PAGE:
Over the festive period and into the new year, the country has seen unprecedented COVID case levels. Owing to this, many have seen issues in test supplies, either with a lack of lateral flow tests and PCR tests. As a consequence of this, further waiting time for test results has caused individuals to self-isolate and therefore unable to attend work. According to the BBC, the government has warned that rising cases could see up to a quarter of staff off work. The Cabinet Office have said that the public sector leaders have been asked to prepare for “worst case scenarios” of 10%, 20% and 25% absence rates.
The impact of these absences has resulted in further pressure on industries where individuals are not able to work from home. The record COVID case levels have had a huge effect on employees, employers and overall business continuity. Whilst some industries are able to benefit from flexible and hybrid working models, other industries like health, transport, education, manufacturing and hospitality are inundated with staff absences.
Whilst the government continue with “Plan B” in light of rising case numbers, the government has once again changed their testing requirements.
Currently, individuals with a positive lateral flow test with no symptoms need a PCR test to confirm their results. Following this, it can take days to arrive and individuals may not be isolating during this time. From Tuesday 11 January 2022, individuals in England will no longer need to take a PCR test if they test positive for the lateral flow test. This new guidance will be effective from Wednesday 05 January 2022 in Northern Ireland and from Thursday 06 January 2022 for Scotland and Wales.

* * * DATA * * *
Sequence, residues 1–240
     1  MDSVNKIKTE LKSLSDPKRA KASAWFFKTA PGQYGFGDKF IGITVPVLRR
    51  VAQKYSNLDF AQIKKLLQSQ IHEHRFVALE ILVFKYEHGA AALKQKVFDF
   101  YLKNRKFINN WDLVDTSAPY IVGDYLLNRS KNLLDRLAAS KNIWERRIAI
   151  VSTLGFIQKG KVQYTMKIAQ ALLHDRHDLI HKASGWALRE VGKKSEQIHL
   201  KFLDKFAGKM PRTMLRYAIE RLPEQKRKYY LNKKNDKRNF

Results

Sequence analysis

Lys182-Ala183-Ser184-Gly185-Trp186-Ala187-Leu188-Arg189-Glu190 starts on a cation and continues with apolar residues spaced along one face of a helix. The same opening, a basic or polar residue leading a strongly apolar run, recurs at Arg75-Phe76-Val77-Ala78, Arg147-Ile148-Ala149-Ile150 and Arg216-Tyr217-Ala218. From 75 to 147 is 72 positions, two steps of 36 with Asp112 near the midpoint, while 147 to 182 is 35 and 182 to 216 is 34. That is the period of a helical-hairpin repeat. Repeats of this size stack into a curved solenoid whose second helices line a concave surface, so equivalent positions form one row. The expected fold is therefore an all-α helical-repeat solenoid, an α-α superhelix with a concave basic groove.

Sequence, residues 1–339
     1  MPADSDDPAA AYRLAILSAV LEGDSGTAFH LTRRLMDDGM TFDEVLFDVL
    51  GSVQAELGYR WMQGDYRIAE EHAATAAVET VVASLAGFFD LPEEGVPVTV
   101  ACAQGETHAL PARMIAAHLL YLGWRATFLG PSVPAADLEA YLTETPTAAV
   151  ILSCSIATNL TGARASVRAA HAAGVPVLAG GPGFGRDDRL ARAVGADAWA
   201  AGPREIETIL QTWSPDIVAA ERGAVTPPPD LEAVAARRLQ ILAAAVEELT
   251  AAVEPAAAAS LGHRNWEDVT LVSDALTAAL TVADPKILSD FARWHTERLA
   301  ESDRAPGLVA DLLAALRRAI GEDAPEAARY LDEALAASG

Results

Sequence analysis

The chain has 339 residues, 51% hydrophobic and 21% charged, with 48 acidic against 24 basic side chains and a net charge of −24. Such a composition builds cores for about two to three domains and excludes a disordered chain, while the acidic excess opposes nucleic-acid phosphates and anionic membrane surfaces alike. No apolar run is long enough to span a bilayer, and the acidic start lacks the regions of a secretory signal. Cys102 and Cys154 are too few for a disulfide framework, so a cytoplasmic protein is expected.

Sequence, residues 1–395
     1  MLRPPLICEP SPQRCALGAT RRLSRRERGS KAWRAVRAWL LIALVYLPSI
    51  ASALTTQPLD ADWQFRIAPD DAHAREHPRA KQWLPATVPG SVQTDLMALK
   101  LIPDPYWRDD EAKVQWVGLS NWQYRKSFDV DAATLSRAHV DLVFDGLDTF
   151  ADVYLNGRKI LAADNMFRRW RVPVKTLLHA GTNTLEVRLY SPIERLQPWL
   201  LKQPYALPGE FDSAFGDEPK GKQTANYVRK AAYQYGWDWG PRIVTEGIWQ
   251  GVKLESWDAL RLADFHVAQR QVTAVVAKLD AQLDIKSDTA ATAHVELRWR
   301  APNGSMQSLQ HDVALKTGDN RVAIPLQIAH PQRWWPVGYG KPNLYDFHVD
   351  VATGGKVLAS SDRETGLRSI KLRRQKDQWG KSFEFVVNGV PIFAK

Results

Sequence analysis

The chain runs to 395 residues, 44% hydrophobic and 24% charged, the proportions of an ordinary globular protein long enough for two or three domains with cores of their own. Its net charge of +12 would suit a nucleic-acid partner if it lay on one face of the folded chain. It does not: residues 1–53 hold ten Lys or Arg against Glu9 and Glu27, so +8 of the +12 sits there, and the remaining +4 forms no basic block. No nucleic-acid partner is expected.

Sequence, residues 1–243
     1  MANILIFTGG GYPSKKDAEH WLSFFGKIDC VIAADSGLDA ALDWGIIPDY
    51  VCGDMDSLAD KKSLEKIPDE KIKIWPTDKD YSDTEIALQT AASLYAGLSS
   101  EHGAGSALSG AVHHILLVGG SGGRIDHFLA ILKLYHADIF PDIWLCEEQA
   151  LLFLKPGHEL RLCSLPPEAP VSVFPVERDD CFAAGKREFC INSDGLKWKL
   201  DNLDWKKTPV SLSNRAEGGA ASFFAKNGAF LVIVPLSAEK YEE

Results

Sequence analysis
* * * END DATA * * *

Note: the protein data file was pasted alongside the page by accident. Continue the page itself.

Under the new plan, individuals who receive a positive lateral flow test should report their results on GOV.UK as normal and must self-isolate immediately but are not required to take a follow-up PCR test. After reporting a positive lateral flow test, NHS Test and Trace will contact the individual so that their contacts can be traced.
Industries, where individuals are unable to work from home, have been hugely impacted by the rising COVID case levels. Under the new plan, this should help have better access to PCR tests for individuals with symptoms and for key workers following issues over test supplies. This should help decrease the pressure on requiring PCR tests and ensure individuals can resume their day-to-day activities as soon as possible and return to work as safely as possible.
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